• 1979 – Mrs. King directs King Center staff to begin intensive organizing of a nation-wide citizens lobby for a national Martin Luther King, Jr. Holiday. King Center launches new nationwide King Holiday petition campaign, which is signed by more than 300,000 before end of year. President Carter calls on Congress to pass national King Holiday. The King Holiday bill finally begins to move through Congressional committees.
  • November, 1979 – The Conyers King Holiday bill is defeated in floor vote in U.S. House of Representatives by just 5 votes.
  • 1980 –Stevie Wonder releases “Happy Birthday,” a song celebrating Dr. King and urging a holiday in his honor. It becomes a hit and a rallying cry for the holiday.
  • May 2, 1980 – Coretta Scott King testifies in U.S. House of Representative in support of establishing a National Historic Site in honor of Martin Luther King, Jr.
  • September 11, 1980 – Mrs. King testifies in U.S. Senate in support of establishing a National Historic Site in honor of Martin Luther King, Jr.
  • 1981 – King Center President Coretta Scott King writes to governors, mayors, chairpersons of city council across the U.S., requesting them to pass resolutions and proclamations commemorating the Martin Luther King, Jr.’s birthday and send them to The King Center’s Archives. She asks them to recognize celebrations and programs of observance.
  • February 23, 1982 – Mrs. King testifies in support of the Holiday before the Subcommittee on Census and Population of the House Committee on Post Office and Civil Service.
  • 1982 – The King Center calls for and mobilizes a conference to commemorate and serve as cosponsors of the 19th anniversary of the March on Washington. More than 100 organizations participated. King Center mobilizes coalition to lobby for the holiday. Stevie Wonder funds holiday lobbying office and staff based in Washington, D.C.
  • 1982 – Mrs. King and Stevie Wonder present King Center petitions bearing more than 6 million signatures in support of King Holiday to Tip O’Neil, Speaker of the U.S. House of Representatives.
  • June, 1983 – Mrs. King testifies before Congress in behalf of The King Holiday bill again.
  • August, 1983 – The House of Representatives passes King Holiday Bill, providing for the King Holiday to be observed on the third Monday in January. The bill, which is sponsored by Reps. Katie Hall (D.-IN) and Jack Kemp (R-NY), passes by a vote of 338 to 90.
  • August 27, 1983 – King Center convenes the “20th Anniversary March on Washington,” supported by more than 750 organizations. More than 500,000 people attend the March at the Lincoln Memorial, and all of the speakers call on the U.S. Senate and President Reagan to pass the King Holiday.
  • October 19, 1983 – Holiday Bill sponsored by Senator Ted Kennedy (D.-Mass.) passes U.S. Senate by a vote of 78-22.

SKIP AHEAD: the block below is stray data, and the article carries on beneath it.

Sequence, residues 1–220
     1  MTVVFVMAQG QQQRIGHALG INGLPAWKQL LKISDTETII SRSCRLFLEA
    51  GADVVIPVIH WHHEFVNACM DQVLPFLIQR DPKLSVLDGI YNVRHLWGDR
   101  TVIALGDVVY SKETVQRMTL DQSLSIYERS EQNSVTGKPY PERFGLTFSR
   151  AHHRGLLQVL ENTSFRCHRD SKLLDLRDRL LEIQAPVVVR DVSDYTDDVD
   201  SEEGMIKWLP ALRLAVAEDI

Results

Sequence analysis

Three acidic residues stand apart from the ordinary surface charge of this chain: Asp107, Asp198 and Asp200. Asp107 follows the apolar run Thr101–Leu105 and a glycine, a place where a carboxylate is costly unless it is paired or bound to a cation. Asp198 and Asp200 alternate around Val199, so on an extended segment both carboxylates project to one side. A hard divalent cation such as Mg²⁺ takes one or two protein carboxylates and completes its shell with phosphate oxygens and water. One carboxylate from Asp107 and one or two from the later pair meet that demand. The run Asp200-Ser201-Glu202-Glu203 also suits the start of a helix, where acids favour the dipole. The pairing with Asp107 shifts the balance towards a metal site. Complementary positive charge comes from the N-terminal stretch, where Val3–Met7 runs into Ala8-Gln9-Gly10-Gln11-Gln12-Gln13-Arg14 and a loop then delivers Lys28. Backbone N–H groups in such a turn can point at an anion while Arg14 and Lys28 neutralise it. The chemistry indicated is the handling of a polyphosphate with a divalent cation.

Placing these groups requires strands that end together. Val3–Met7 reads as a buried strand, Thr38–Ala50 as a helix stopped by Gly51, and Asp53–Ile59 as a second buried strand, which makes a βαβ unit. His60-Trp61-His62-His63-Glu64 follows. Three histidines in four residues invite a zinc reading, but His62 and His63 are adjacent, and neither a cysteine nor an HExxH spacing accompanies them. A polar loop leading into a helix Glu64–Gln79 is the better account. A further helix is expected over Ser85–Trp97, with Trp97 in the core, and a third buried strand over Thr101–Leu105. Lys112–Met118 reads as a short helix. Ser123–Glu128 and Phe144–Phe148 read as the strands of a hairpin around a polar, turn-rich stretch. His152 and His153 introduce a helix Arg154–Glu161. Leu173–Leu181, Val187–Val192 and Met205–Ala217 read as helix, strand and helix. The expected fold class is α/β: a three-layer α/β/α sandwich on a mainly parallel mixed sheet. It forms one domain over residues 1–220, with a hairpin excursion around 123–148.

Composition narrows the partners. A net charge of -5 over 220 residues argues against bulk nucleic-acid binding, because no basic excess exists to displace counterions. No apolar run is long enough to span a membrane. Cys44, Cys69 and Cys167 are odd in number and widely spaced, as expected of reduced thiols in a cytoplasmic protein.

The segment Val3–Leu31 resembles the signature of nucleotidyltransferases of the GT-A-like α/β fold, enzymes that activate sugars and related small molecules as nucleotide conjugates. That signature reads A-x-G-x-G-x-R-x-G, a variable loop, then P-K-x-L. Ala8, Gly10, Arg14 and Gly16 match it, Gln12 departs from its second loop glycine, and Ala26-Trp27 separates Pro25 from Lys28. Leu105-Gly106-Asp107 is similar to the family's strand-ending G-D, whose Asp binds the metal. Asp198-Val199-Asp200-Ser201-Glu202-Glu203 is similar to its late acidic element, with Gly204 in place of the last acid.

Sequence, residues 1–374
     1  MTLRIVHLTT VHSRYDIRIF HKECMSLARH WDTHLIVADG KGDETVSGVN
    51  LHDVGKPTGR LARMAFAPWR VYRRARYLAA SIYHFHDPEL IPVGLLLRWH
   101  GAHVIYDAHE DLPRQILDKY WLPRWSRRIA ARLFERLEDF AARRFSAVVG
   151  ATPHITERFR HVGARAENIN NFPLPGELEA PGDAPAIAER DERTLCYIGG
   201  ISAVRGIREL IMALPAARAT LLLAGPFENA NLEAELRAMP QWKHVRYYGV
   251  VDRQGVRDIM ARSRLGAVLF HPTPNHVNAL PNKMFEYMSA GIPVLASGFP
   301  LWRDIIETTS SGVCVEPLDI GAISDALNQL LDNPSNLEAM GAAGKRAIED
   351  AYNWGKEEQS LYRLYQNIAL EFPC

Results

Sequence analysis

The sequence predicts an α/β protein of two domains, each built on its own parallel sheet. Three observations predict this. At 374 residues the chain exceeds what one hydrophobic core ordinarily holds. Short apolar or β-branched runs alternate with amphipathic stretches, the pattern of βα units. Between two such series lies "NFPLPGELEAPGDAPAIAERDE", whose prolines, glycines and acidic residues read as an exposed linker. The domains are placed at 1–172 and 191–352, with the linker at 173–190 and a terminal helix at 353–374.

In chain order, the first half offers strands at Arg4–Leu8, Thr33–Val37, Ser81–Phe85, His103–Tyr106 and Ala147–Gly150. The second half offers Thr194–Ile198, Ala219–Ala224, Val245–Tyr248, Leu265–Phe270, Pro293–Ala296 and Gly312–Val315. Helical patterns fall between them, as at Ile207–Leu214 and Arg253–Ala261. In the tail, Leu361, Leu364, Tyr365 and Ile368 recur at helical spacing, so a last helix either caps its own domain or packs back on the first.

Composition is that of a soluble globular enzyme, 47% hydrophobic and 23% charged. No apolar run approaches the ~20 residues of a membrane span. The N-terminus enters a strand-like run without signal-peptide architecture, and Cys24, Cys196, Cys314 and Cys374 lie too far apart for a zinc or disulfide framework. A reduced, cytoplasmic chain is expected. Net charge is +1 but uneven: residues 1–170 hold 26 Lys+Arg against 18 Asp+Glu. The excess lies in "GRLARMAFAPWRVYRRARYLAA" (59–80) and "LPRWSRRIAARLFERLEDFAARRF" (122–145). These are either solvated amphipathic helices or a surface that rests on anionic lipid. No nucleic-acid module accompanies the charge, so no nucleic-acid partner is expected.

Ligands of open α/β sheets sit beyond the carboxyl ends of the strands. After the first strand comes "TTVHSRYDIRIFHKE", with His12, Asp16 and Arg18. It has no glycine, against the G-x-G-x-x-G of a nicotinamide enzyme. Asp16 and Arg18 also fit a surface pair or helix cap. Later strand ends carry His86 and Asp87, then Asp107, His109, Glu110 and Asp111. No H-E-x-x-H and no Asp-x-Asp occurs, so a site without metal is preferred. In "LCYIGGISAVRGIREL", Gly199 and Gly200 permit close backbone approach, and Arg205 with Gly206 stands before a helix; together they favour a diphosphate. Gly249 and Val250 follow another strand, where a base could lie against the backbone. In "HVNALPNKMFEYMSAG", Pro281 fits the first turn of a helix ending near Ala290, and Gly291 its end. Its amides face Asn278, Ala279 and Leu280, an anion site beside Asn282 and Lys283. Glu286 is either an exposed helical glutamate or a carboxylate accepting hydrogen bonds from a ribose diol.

• November 3, 1983 – President Reagan signs bill establishing the 3rd Monday of every January as the Martin Luther King, Jr. National Holiday, beginning in 1986.
  • April-May, 1984 – King Center develops legislative proposal to establish the Martin Luther King, Jr. Federal Holiday Commission. Mrs. King meets with leadership of the House and Senate and appeals to Congress to legislate the Martin Luther King, Jr. Federal Holiday Commission. The legislation passes Congress by a voice vote.
  • August 27, 1984 – President Reagan signs legislation providing for the Martin Luther King, Jr. Federal Holiday Commission, to last for a term of five years, with an option to renew for another 5 years.
  • November, 1984 – First meeting of the Martin Luther King, Jr. Federal Holiday Commission. Coretta Scott King is unanimously elected Chairperson
  • January 20, 1986 – First national King Holiday Observed. By this time 17 states had official King holidays. The King Holiday Commissioners are sworn in by federal district Judge Horace Ward.
  • January 16, 1989 – As a result of leadership of the King Holiday Commission, the number of states which enacted a MLK holiday grows to 44.
  • 1990 – The United Auto Workers negotiate contracts with the big three auto companies requiring a paid holiday for all their employees.
  • January 15, 1990 – The Wall St. Journal Reports that only 18 % of 317 corporate employers surveyed by the Bureau of National Affairs provide a paid King Holiday.
  • November 3, 1992 – After a coalition of citizens for an Arizona King Holiday launches successful protest and boycott campaigns, the people of Arizona pass referendum establishing Martin Luther King, Jr. state holiday.
  • January, 1993 – Arizona observes first statewide King Holiday, leaving only New Hampshire without a state holiday in honor of Dr. King.
  • 1994 – Citing Dr. King’s statement that “Everybody can be great because everybody can serve,” Coretta Scott King testifies before Congress in support of making the King Holiday an official national day of humanitarian service.
  • August 23, 1994 – President Clinton signs the Martin Luther King, Jr. Federal Holiday and Service Act, expanding the mission of the holiday as a day of community service, interracial cooperation and youth anti-violence initiatives.
  • 1996 – Martin Luther King, Jr. Federal Holiday Commission concludes mission, transfers responsibility for coordinating nationwide holiday programs and activities to The King Center.
  • 1998 – A Bureau of National Affairs survey of 458 employers found that 26 percent provide a paid holiday for their workers on the King Holiday. The survey found that 33 percent of firms with union contracts provided the paid King Holiday, compared to 22 percent of nonunion shops.